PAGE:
During the last two years I´ve been enrolled in a harbor seal project that includes land counts, observations and pup captures. This year I will start my field work doing aerial surveys along nine islands and the coast west off Baja California. We will capture 30 individuals to deploy VHF radiotags allready provided to obtain a correction factor and estimate Pacific Harbor seal abundance, and at the same time deploy the SPOT tags of this proposal.
The funds we obtain will be combined with those we received from the Mexican science council, the University of Baja California and Center of Scientific Research and Higher Education of Ensenada (where I am enrolled in a doctoral program).
Meet the Team
Dr Gisela Heckel and Dr.Yolanda Schramm are researchers who have 20+ years working with marine mammals, since 2007 with pinnipeds in the Baja California peninsula, now focused on the Pacific Harbor seal.
We been working together for 15 years, as part of the NGO Ensenada Marine Mammal Research and Conservation (ICMME), dedicated to marine mammal stranding response and environmental education.
We are capable of working in the field to capture and handle seals for this project.
I´m an oceanographer in love with the sea, especially with the marine mammals. After I finished my undergraduate studies at the University of Baja California in Ensenada I worked in a research project about bottlenose dolphins in Veracruz, Mexico (Gulf of Mexico). A few months later I came back to Ensenada to study my master’s in coastal oceanography, and for my thesis I had the opportunity to travel to 10 islands west off the Baja California peninsula studying with four pinniped species. I was fascinated with the islands and the field work and I completed my thesis about the distribution and abundance estimation of harbor seals. I presented my results as an oral presentation at the conference of the Mexican Marine Mammal Society in May 2010, and in Novembrer 2011 as a poster at the 20 Biennial Conference on the Biology of Marine Mammals in Tampa, FL. At present a manuscript has been submitted for publication in a scientific journal and we are waiting for news.
When I finished my master’s degree I went to Veracruz again to work as a field coordinator in a manatee project. This gave me the opportunity to try to inspire and teach young students to fall in love with field work and marine mammals. In 2014 I enrolled in the Life Sciences PhD program at the Ensenada Scientific Research and Higher Education Center of Ensenada (CICESE) to continue with my master’s work, answering the questions that I could not answer before. During my first year I was invited by Dr. James Harvey from Moss Landing Marine Laboratories, Oregon, to take part in a harbor seal capturing campaign. The main objective was to learn different techniques to capture adult harbor seals and how to tag and handle them with care.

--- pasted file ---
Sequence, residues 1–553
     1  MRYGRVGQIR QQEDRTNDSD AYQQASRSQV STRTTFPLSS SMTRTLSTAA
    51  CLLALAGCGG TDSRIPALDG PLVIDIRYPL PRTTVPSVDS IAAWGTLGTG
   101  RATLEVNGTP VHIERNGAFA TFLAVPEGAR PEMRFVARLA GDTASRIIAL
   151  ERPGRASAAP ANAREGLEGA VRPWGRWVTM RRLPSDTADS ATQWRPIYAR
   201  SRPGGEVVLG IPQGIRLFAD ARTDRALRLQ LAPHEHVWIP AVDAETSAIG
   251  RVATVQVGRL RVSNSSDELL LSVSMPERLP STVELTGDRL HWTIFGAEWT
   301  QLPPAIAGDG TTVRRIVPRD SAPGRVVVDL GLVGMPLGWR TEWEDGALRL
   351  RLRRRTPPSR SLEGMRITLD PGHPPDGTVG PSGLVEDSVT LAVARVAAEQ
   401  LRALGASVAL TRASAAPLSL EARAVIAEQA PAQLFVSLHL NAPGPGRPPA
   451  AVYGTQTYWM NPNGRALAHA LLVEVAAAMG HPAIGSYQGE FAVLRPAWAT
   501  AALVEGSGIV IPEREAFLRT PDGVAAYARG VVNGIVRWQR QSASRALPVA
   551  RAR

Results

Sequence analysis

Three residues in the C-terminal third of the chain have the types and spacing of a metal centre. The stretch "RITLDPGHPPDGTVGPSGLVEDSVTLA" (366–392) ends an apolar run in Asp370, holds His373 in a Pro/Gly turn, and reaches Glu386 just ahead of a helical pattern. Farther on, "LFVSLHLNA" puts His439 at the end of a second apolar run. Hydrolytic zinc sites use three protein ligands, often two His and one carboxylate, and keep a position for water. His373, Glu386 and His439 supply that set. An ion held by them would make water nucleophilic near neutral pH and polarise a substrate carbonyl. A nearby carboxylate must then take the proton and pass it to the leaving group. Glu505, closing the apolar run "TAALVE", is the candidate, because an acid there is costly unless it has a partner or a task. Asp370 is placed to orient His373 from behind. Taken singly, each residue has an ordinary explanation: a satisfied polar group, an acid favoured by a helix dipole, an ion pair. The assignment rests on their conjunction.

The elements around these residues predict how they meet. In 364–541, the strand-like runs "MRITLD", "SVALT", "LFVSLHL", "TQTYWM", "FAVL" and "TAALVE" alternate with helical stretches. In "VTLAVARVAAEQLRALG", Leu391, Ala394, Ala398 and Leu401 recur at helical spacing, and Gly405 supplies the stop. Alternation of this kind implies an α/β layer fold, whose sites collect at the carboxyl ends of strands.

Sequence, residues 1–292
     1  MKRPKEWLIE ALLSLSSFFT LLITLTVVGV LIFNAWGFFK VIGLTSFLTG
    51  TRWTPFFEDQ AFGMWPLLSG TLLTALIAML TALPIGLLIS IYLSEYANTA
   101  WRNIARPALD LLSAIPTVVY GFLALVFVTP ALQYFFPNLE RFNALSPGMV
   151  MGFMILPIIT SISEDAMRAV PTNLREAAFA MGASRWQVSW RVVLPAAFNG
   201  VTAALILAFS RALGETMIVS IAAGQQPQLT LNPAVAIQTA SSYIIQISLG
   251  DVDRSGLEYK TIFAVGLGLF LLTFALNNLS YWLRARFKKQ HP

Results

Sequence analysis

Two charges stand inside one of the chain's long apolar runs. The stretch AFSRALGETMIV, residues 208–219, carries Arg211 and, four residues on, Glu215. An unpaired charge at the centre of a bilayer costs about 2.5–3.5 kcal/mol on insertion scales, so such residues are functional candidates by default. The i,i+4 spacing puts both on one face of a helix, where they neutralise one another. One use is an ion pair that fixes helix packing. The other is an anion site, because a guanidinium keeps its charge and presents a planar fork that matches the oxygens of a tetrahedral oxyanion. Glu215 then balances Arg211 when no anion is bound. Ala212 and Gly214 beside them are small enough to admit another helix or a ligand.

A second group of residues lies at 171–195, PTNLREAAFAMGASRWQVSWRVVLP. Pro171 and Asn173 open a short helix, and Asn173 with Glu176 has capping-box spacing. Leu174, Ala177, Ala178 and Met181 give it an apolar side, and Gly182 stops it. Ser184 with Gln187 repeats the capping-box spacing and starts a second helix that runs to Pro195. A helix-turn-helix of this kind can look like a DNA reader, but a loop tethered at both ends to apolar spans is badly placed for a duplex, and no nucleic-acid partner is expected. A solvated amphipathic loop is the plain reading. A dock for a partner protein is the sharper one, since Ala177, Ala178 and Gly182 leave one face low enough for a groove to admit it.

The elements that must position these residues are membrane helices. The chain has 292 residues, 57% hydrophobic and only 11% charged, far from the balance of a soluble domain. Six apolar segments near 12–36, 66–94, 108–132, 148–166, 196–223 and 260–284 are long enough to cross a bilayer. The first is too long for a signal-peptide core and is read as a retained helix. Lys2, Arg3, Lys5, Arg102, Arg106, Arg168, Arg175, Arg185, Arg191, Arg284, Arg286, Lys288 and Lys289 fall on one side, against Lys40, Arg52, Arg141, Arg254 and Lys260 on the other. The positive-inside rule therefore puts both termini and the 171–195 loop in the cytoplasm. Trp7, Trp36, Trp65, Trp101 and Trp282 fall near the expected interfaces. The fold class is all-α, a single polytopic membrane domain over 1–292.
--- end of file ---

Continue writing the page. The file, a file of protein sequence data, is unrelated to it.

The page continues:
I am Denise's Ph.D. advisor at the Life Sciences graduate program, CICESE, Mexico. We have been working together since 2002 in several projects regarding marine mammals, so I can say I know her well and she's incredibly committed to every task she embraces.
My career in marine mammalogy started in 1990, when I studied a bottlenose dolphin population in Veracruz, Mexico, for my undergraduate thesis. I graduated in Biology at the National Autonomous University of Mexico in 1992. Then I moved to Ensenada, Baja California, to continue my graduate studies in Oceanography at the University of Baja California. For my master's thesis I studied the evasive behavior of spotted and spinner dolphins during fishing for yellowfin tuna in the eastern tropical Pacific. During my Ph.D. my research was focused on the effects of whale watching boats on the behavior of migrating gray whales along the coast near Ensenada, and I proposed a management program for this tourist activity. Also during my Ph.D. I co-founded an NGO to respond to marine mammal strandings and later on we started an environmental education program regarding these fascinating animals and their conservation problems. I graduated in 2001 and since then I am a professor at the Ensenada Scientific Research and Higher Education Center (CICESE, for its Spanish acronym).
My research interests have expanded to many marine mammal species, their biology, ecology, and conservation issues. California sea lions and Pacific harbor seals have been my focus during the last four years, although I have advised many graduate thesis regarding other species.
I am a professor and researcher at the Faculty of Marine Sciences, University of Baja California in Ensenada, Mexico. My undergraduate studies were in Biology, and my master’s and doctoral studies were in Coastal Oceanography. My theses were focused on dolphin and sea lion populations, their dynamics, behavior, and genetic structure.
I have published several scientific papers and advised undergraduate and graduate students. I teach in the graduate program in Molecular Ecology and Biotechnology, as well as in the undergraduate program in Oceanography. I advised Denise during her master’s thesis research on the abundance of harbor seals in Mexico.
My research is on seals and sea lions in Mexico and other countries. Part of my studies is focused on genetics and ecology to be applied in management and conservation of vulnerable species. For 18 years I have been participating in an NGO that responds to marine mammal strandings along the coast of Ensenada, Baja California.